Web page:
For me, when a recipe provides weight, it does make it loads easier – but if it does not, then it means I must really want to try out the recipe to be in the mood to quantify all the ingredients beforehand. I think that overall, for any baking blog that aims to reach the world, it’s kind to consider the baking challenges that enthusiastic bakers across the globe endure – simply putting in the weight of each ingredient along with the US measurements is something that may ensure more people are keen to try out your recipe.

It’s just a consideration… 😀

Reply
TrudieB

Cheryl, you win the prize for Grace, Common Sense, and Easy-going-ness (!). I was also put off by the snarky replies to the OP, Sheena. Of course this is the Internet, where it’s come to be expected. (in addition to a conversion chart, maybe Craftsy could install an IGNORE button, so certain rude responders posts just didn’t show up! Of course the minute I clicked it, I’d be sure to miss something truly useful from said Rudes.)

Anyway, thankyou for being the Voice of Reason—we’re all just here to learn something from each other, and as we know, you reap what you sow, right?

Also, your first Reply, from Shooboo, deserves honorable mention for recognising your sensible comments, AND for helping me to understand the weight vs volume measurements a little better. There’s a cinnamon roll recipe floating around (Pinterest?) calling for weighed ingredients for the reasons Shooboo stated. I actually have bought a scale to use making them. Now I have to hunt down that recipe, again.

And finally, to Sheena: On behalf of Crazies from Sea to Shining Sea, apologies to you for any rude responses. … Welcome to America, where they’ll honk at you for backing out of your parking space, even if they’re still five slots away!

Reply
Anniee

Sheena did not have to be so rude and condescending in her initial request. My god people are horrible and so disgusting. You could just simple ASK for international measurements. Whatever happened to being simple and asking in a simple manner! No need for America hate either. The snarkiness and rudeness came because of the first person who asked in a snarky and rude way, who is clearly not American lol.

Reply
sonia

Is it posssible to do a white chocolate version of this crusting buttercream??

Reply
Sandra C

Maybe a white chocolate ganache could work in place of a buttercream. If you’re worried about the heavy shortening flavor, white ganache is an excellent alternative. If you refrigerate your cake, it will be a nice hardness. I find the two behave similarly in smoothing, covering, and resisting gentle touches.

Reply
CakeSpy

Hi Sonia: I have never tried it, but honestly I don’t see why not. White chocolate certainly couldn’t hurt the stabilization, but if it were melted you’d have to wait until it was sort of lukewarm before you added it or it might melt the butter or shortening. I will try to look for a recipe for you, ok? Thanks for the great question.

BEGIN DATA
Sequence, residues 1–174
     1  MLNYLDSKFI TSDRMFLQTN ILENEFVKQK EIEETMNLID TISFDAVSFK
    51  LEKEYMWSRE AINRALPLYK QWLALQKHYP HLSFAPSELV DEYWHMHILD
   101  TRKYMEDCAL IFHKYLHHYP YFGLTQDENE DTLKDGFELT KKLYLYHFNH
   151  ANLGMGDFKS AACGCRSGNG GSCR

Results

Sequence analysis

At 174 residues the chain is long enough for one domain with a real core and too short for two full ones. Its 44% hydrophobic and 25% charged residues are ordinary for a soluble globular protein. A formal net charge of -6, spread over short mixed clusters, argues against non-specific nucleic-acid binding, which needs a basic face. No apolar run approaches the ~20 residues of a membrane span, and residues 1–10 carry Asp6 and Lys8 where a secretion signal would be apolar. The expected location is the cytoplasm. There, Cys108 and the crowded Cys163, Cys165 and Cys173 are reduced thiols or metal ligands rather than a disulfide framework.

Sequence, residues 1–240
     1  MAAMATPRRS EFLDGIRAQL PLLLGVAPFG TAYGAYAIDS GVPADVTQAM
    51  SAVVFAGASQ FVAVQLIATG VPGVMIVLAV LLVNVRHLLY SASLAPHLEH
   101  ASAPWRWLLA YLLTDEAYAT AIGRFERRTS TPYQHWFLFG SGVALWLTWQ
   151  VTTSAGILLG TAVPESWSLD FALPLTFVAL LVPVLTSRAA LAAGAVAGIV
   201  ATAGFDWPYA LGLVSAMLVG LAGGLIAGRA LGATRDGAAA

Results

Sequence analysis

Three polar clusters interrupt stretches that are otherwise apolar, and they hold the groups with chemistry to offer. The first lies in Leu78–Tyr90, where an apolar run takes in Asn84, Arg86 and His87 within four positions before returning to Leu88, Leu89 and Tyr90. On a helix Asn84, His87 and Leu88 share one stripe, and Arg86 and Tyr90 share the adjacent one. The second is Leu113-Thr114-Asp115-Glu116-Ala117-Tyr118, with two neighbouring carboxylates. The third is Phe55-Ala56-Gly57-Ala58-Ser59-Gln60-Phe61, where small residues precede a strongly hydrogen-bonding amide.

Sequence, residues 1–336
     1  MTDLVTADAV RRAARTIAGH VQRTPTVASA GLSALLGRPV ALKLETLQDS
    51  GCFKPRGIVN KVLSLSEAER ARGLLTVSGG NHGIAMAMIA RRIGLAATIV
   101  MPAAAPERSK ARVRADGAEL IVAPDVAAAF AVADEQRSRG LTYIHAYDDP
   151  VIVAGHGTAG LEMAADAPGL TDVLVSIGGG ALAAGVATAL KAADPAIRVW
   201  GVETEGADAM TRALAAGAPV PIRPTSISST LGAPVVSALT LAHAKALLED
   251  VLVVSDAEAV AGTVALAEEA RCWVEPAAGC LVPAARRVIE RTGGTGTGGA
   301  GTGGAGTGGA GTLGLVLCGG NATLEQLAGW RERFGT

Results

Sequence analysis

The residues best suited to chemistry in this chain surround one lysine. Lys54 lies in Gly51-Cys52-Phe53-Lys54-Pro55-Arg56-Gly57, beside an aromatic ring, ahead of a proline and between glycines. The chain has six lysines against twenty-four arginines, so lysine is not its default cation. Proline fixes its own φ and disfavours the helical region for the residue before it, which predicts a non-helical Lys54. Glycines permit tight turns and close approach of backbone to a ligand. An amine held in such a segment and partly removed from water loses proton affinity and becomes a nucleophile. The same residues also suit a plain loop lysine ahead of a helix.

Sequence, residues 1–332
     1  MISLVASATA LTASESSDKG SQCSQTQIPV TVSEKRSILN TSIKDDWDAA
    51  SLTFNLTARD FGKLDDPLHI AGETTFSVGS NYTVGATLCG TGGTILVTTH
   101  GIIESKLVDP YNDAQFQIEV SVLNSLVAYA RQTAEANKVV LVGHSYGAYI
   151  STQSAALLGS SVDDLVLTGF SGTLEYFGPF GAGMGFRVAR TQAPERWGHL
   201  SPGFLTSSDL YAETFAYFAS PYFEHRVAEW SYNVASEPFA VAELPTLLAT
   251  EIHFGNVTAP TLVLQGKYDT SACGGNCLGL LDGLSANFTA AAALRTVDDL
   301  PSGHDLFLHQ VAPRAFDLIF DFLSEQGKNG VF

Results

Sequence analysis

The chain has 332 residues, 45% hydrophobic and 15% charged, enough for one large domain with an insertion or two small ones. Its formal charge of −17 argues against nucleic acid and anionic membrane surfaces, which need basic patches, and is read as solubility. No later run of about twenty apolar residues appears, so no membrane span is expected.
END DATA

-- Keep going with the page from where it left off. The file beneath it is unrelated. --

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Machelle

I’ve used white chocolate, salted caramel, preserves etc in this recipe. You have to adjust the sugar/milk based on the amount of liquid but it works well

Reply
Toni Browne

Any chance you could post a recipe for the white chocolate version?? .. Thnx.

Reply
Sara

Hi, Ms. Moore.
I just wanted to let you know, I am a 20-year-old, budding cake artist and your recipe and advice saved my first wedding cake! I originally decorated my cake with italian meringue buttercream, but my fillings were so soft and the cakes so delicate, that the buttercream just couldn’t hold up and began to slide and crack. I was devastated when I looked in the fridge and saw them that way, so I rushed to my computer, looked up “stiff buttercreams” and was brought to your post. I fashioned new cake boards a 1/4″ thicker than the cakes and re-frosted them with your buttercream. Sure enough they are staying in place and look beautiful. Thank you so much for your wisdom!

Reply
nikoo

I agree with Katarina. I don’t know how you guys like the terrible taste of shortening in you cake, compare to delicious taste of swiss or Italian Buttercream. It’s true that by using shortening your cake sits out longer, but how about the taste of the cake?

Reply
Elena

It’s funny you should say this, I to find it has a acquired taste and that only for younger children that like shop made cakes?
My children older and younger love that disgusting synthetic taste but personally for a wedding cake….. I’m not to sure?
Even so I just use butter and icing sugar and flavourings whipped up with a little milk, fridge it and cover ASAP!
I’m yet to try Italian buttercream and meringue buttercream but, if anyone has a recipe available I will defo give it a go!